At that time the disciples came to Jesus and said, “Who then is greatest in the kingdom of heaven?” And He called a child to Himself and set him before them, and said, “Truly I say to you, unless you are converted and become like children, you will not enter the kingdom of heaven. Whoever then humbles himself as this child, he is the greatest in the kingdom of heaven.” Matthew 18:1-4
One of my friends and co-workers at the university has a daughter with Down Syndrome. The little girl is beautiful, sweet-natured, and a total campus favorite. She’s pretty great.
I have thought for many years about the singular clarity people like her possess and have long-maintained that they have much to say, but only the wisest can understand them. It is as if they are locked in a state of perpetual childhood, where their humility and greatness continue undiminished as they get older.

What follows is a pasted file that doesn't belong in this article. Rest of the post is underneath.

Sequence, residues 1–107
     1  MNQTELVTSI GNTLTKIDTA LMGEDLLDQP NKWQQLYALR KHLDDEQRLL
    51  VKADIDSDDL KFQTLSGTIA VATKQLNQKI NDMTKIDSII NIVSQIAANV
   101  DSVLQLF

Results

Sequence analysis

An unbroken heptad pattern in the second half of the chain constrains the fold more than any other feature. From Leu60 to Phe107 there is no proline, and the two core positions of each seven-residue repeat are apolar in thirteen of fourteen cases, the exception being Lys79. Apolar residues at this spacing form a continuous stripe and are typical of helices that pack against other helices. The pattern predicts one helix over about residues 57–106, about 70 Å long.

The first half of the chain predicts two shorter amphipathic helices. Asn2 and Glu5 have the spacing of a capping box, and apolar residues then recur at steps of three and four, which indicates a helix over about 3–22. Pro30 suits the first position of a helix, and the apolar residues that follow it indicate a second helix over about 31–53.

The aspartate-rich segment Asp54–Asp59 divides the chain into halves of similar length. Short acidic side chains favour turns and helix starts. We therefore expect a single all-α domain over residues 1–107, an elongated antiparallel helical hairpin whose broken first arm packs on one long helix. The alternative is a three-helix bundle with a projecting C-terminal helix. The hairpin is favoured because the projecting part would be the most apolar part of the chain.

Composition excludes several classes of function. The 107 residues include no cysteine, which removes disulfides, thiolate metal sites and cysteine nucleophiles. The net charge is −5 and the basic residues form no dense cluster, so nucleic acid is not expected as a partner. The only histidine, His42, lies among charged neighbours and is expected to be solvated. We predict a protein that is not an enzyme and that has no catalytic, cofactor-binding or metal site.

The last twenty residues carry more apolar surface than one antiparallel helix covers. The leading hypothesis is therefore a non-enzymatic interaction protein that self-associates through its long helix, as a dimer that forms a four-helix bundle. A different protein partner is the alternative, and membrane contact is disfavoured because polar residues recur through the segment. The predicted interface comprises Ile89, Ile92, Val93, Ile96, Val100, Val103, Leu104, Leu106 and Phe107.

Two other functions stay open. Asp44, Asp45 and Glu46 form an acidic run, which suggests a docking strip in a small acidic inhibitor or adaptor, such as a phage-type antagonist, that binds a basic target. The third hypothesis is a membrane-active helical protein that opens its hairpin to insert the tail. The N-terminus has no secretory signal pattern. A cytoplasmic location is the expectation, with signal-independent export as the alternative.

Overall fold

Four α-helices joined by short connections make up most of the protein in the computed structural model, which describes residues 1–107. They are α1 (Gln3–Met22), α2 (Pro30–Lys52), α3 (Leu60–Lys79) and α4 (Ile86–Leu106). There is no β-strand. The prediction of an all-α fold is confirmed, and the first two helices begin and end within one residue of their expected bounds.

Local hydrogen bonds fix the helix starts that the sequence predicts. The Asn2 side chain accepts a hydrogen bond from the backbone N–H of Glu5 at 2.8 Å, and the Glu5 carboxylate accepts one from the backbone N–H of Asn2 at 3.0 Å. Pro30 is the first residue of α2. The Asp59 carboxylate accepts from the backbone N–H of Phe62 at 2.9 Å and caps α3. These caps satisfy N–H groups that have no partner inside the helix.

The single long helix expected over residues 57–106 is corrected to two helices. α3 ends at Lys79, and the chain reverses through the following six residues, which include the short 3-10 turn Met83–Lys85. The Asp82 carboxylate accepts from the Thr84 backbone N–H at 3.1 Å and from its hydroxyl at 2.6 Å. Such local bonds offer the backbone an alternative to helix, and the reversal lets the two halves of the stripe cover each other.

I ran across some insight from Thomas à Kempis recently that illuminated the question for me. “The man to whom all things taste as they be, not as they are said or thought to be, he is very wise and taught more by God than by men.” The Imitation of Christ.
Perhaps that is part of what makes people like my friend’s daughter so wise. Along with her other limitations, she has a limited capacity for self-deception. She does not see bad things, even in herself, and imagine them to be good. She accepts truth as she finds it. She knows and accepts her dependence on others.
How much of what holds us back in our faith is our own self-rationalization and self-aggrandizement. We readily accept the deceptions that allow us to be comfortable with our sin. Not so children. They see, hear, and taste the world as it is. We can do the same but it will require the humility of Brielle. Let her be your teacher this year, my friends. As we join her in her humility, we may join her in her greatness.